The average monthly cable bill is $43. That’s $516 per year. It doesn’t sound like much, but if there’s anything we know about money, it’s that a little money over a long period of time is actually a lot of money. Time compounds money — and TV bills are no exception.
How to Save ,000
Supposing that the cable money was invested cautiously with a return of 6% per year, the end result would be $86,000 after 40 years. In other words, your TV costs you at least $86,000 over your lifetime. That’s a guaranteed extra source of money and savings — regardless of how much you use the TV, because the expense is relatively static. Plus, if you have satellite, it’s even worse — an extra $100-200 per year.
Bottom line: Most people give up hundreds of thousands of dollars for the sake of subscription TV.
Of course, if the amount of pleasure/helpfulness one gets from the TV is worth the money, then that’s perfectly fine. But are you getting that much profit from the spending? If not, it might be in your best interest to completely reconsider the TV.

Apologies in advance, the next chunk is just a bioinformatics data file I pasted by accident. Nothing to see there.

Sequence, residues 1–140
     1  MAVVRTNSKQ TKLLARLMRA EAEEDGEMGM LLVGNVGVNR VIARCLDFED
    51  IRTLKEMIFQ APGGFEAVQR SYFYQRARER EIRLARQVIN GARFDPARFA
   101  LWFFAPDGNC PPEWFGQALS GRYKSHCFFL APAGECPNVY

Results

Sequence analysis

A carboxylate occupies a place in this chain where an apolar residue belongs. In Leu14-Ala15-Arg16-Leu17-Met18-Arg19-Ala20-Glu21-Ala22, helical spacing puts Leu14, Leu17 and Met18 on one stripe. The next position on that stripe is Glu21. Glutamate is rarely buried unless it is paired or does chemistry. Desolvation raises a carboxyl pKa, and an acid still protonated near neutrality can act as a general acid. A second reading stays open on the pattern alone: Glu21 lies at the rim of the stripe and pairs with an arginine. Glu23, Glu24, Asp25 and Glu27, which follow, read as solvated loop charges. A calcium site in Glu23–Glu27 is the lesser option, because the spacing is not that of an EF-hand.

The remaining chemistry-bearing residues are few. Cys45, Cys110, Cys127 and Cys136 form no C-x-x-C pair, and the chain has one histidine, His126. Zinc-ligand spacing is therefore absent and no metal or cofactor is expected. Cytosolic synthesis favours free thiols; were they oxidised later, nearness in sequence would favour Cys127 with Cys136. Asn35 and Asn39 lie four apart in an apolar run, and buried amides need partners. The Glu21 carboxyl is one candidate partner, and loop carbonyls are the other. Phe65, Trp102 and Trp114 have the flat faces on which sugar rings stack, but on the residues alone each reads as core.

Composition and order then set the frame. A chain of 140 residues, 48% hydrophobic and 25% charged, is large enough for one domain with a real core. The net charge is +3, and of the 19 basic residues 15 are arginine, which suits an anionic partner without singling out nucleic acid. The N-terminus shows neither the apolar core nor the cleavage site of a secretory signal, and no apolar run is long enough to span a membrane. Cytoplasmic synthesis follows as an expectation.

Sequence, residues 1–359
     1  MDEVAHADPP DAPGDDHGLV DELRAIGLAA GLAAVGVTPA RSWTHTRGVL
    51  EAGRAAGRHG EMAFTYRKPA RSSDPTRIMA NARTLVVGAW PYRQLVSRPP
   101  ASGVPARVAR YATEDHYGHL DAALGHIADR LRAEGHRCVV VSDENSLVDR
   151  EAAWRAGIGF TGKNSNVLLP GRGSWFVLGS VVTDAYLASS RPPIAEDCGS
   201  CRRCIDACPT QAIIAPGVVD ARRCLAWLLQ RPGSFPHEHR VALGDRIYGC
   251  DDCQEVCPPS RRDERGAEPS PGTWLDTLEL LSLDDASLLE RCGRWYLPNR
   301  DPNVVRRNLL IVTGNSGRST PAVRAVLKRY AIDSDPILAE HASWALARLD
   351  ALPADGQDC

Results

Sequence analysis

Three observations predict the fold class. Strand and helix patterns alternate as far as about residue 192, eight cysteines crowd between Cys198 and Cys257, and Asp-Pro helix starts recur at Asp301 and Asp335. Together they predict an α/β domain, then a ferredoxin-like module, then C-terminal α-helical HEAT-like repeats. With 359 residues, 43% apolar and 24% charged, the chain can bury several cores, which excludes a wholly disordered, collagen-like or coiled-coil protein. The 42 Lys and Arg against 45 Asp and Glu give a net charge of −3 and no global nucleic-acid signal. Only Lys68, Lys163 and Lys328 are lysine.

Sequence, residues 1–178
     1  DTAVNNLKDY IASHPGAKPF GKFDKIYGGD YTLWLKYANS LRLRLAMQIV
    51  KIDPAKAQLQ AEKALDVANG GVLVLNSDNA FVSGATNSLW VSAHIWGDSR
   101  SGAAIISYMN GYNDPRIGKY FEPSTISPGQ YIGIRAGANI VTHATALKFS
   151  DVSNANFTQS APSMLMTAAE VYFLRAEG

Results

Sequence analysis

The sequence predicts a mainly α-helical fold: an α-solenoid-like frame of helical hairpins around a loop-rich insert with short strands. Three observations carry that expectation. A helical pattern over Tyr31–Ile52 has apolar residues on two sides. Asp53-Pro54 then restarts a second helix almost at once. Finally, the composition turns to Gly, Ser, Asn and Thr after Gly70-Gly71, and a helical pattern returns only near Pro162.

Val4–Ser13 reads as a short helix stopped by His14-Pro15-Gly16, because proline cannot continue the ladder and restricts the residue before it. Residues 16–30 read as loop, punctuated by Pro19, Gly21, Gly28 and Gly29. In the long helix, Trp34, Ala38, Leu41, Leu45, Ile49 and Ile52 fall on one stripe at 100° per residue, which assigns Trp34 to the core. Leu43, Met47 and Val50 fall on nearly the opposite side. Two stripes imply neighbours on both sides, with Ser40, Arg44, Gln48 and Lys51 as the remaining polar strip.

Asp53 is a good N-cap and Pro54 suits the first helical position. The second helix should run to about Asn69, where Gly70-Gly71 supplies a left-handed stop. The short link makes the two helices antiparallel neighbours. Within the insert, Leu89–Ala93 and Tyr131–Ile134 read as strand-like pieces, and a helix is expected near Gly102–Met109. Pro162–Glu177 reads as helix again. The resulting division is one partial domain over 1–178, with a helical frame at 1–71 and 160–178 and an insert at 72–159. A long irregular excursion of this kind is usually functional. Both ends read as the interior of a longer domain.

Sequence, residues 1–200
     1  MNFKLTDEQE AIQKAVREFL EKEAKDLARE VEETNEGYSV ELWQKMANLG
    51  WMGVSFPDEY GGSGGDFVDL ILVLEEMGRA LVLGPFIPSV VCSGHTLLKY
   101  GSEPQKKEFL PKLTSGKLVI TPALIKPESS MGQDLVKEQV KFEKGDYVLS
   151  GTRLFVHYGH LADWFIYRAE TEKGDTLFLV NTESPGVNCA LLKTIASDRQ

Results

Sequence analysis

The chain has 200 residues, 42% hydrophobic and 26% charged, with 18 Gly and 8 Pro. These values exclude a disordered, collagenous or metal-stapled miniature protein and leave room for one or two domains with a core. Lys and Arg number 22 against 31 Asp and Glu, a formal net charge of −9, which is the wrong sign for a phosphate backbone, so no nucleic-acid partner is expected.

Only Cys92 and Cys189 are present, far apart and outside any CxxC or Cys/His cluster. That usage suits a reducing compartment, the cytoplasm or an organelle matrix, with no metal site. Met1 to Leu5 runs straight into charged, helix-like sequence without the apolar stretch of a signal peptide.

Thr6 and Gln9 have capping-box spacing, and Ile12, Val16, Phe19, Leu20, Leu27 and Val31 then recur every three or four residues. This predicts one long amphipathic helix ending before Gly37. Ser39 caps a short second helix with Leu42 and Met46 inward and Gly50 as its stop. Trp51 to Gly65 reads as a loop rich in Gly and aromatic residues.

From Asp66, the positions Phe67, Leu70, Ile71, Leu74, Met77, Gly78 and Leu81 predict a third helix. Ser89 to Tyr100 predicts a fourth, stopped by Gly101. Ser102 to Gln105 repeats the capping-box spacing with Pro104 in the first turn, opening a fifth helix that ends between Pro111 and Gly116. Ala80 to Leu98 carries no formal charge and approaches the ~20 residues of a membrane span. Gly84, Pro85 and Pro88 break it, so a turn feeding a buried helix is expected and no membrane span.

How to Make a Million Bucks
To understand the real cost of a typical TV habit, think of the time spent in front of the tube in terms of money. The average person spends 4 hours per day, 7 days a week, 52 weeks per year. The minimum wage in the US is $6.5. Going by that, TV habits soak up $9,500 worth of time every year. That means over the course of 40 years, typical TV habits cost $370,240. That’s without interest.
With just 6% interest, then typical TV habits cost $1,518,425 — in time alone. That means if you found something (researching investments, becoming a freelancer in some field, making your own website and putting ads on it), you’d make a million bucks over the next 40 years.
Watching TV is literally costing you hundreds of thousands of dollars — if not millions. The sad thing? “There’s nothing on.”